Donald Trump Says China Is Interfering in Midterms to Damage Republicans Because 'We Are Winning on Trade'

President Donald Trump has upped the ante even further in his spat with China, now accusing it of trying to meddle in the upcoming midterm elections.

He made the claim as he chaired a Wednesday morning meeting of the United Nations Security Council, which was discussing weapons of mass destruction.

Trump told the meeting, "Regrettably, we found that China has been attempting to interfere in our upcoming election against my administration.

"They do not want me or us to win because I am the first president ever to challenge China on trade, and we are winning on trade, we are winning at every level. We don't want them to meddle or interfere in our upcoming election," Trump said.

Donald Trump, speaking in his position as president of the United Nations Security Council, accused China of interfering in the upcoming American midterm elections, at the 73rd session of the U.N. General Assembly, at U.N. headquarters in New York, on September 26. REUTERS/Carlos Barria

Earlier in the week, China canceled trade talks with the U.S. after Washington imposed new tariffs on $200 billion of Chinese goods and products. In turn, China retaliated by imposing tariffs on $60 million in U.S. goods.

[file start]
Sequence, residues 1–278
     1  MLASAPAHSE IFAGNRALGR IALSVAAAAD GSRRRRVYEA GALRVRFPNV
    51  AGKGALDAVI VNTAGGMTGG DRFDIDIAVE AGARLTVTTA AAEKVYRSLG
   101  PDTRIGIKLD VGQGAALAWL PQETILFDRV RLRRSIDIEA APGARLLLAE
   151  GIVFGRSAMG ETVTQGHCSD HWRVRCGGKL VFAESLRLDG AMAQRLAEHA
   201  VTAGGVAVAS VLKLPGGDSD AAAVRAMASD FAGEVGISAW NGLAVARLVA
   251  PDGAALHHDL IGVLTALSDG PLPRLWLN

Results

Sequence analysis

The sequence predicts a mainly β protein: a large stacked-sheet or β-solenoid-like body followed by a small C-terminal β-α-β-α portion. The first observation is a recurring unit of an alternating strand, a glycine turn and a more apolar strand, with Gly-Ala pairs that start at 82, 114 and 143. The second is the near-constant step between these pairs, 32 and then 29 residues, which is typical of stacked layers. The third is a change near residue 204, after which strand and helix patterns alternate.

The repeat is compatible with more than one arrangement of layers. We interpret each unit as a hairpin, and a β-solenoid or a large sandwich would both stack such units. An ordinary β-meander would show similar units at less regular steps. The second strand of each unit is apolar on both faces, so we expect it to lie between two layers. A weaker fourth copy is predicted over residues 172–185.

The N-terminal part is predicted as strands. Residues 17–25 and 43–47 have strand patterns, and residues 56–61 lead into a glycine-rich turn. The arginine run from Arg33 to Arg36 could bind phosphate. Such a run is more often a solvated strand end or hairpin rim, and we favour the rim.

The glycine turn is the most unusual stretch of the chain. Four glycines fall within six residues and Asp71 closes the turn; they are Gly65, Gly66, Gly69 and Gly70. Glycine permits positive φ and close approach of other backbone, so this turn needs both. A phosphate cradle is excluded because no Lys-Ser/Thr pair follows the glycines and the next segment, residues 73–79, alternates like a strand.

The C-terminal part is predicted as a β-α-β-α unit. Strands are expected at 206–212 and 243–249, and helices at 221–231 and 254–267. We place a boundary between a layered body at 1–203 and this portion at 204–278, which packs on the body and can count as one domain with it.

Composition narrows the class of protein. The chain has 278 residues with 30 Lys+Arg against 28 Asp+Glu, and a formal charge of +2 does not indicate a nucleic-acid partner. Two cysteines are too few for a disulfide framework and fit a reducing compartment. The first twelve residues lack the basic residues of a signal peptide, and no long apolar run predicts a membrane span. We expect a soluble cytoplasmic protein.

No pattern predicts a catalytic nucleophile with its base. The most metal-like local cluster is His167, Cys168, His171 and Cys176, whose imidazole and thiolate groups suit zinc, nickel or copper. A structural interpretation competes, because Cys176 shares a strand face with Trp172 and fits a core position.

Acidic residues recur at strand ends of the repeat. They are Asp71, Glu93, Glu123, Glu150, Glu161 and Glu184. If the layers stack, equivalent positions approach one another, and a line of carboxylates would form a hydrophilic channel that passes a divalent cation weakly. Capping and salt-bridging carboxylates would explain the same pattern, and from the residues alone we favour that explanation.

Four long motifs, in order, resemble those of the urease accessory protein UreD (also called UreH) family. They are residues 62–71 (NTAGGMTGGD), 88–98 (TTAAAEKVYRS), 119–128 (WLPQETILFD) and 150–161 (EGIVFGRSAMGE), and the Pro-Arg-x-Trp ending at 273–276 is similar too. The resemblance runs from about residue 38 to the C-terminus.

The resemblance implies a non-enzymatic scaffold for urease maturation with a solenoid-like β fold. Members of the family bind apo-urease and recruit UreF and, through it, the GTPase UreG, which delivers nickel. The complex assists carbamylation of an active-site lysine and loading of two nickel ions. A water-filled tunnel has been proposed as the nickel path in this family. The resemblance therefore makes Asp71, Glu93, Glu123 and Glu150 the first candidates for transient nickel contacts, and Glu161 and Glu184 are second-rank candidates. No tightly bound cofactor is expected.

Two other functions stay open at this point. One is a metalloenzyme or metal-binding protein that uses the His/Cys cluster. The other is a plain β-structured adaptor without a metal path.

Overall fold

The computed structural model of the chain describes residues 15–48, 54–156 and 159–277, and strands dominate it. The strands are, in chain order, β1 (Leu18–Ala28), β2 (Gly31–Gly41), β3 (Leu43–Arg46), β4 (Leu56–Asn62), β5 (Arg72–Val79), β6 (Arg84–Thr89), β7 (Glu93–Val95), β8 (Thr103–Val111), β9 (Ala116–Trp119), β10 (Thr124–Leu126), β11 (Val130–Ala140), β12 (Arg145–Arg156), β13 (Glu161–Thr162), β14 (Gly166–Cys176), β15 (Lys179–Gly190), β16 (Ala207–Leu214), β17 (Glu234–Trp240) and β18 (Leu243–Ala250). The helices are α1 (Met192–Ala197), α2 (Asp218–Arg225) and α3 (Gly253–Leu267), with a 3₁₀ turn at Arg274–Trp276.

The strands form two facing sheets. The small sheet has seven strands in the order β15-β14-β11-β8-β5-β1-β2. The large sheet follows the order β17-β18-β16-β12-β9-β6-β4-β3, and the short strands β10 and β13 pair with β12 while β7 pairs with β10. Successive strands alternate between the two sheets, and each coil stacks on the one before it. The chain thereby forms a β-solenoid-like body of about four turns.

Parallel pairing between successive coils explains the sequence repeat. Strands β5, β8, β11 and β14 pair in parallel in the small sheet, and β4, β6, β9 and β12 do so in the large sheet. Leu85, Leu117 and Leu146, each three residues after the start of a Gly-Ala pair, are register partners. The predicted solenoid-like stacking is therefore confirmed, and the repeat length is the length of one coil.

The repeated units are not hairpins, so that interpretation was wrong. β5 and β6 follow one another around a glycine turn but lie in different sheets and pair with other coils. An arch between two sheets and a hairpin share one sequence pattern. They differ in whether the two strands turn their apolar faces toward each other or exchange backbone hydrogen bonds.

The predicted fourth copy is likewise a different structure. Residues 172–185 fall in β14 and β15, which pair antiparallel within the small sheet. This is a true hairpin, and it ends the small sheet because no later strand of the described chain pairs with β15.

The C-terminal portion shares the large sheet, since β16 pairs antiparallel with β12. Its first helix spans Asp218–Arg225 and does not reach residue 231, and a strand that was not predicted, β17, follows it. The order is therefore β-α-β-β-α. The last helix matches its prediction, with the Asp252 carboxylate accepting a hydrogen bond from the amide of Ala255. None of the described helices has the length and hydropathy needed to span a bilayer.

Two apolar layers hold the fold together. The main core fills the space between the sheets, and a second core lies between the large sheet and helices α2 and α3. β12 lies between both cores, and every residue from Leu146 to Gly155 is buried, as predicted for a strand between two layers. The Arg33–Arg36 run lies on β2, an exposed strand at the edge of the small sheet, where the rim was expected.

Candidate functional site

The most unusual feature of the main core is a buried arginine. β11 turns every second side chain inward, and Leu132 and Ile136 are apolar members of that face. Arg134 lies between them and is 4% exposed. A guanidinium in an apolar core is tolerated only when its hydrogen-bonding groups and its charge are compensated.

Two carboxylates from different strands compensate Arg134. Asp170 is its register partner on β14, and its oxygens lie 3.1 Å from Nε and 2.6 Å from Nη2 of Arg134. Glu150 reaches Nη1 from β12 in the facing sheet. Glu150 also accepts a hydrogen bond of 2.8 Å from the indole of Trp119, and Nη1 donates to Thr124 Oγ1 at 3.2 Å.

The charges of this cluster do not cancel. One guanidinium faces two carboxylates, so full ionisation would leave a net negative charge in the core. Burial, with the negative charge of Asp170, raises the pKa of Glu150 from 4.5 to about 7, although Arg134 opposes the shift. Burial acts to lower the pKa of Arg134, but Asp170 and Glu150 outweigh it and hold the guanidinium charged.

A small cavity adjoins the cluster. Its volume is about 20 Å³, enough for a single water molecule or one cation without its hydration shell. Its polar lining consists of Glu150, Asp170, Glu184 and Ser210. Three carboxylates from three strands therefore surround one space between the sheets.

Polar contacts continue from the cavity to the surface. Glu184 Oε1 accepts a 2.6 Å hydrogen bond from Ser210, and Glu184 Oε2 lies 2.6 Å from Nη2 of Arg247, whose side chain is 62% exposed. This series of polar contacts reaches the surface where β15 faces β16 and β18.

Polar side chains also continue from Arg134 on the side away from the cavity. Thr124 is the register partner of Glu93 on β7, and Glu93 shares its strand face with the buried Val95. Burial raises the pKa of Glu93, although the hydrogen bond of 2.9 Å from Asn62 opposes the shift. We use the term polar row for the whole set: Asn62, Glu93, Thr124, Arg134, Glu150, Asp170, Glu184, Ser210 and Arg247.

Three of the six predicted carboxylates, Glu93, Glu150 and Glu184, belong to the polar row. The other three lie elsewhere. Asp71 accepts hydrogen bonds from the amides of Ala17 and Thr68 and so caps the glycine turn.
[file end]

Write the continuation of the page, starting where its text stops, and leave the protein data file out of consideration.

The midlevel delegation was due to travel to Washington ahead of a visit by Chinese Vice Premier Liu He, which has also been canceled.

Adding to the tensions is Beijing's criticism of Washington's plans to sell weapons to Taiwan. Meanwhile, in a Wednesday editorial, the state-run, English-language China Daily said Beijing would "respond to the US' provocations."

"Now that the Trump administration is aggressively seeking to challenge China's interests on both the economic and military fronts, one wonders whether Washington wants to permanently damage Sino-US relations," the editorial continued.

"And since the Trump administration is trying to jettison all principles that govern bilateral relations in a desperate bid to suit its own purpose, China should not only prepare for the worst but also be ready to appropriately respond to the US' provocations," it read.

Chinese State Councilor Wang Yi warned of an escalation of rhetoric during a meeting on the sidelines of the U.N. General Assembly session with former Secretary of State Henry Kissinger, who played a key role in establishing strong ties with China when he was in the Nixon administration.

"China and the United States can have competition, but should not use a Cold War mentality to view each other, and nor should they slip into the trap of a zero-sum game," Wang said.

"Recently, certain U.S. forces domestically have been continually blackening China's name, creating antagonistic feeling, which has caused serious harm to the atmosphere of Sino-U.S. ties," he said, according to Reuters.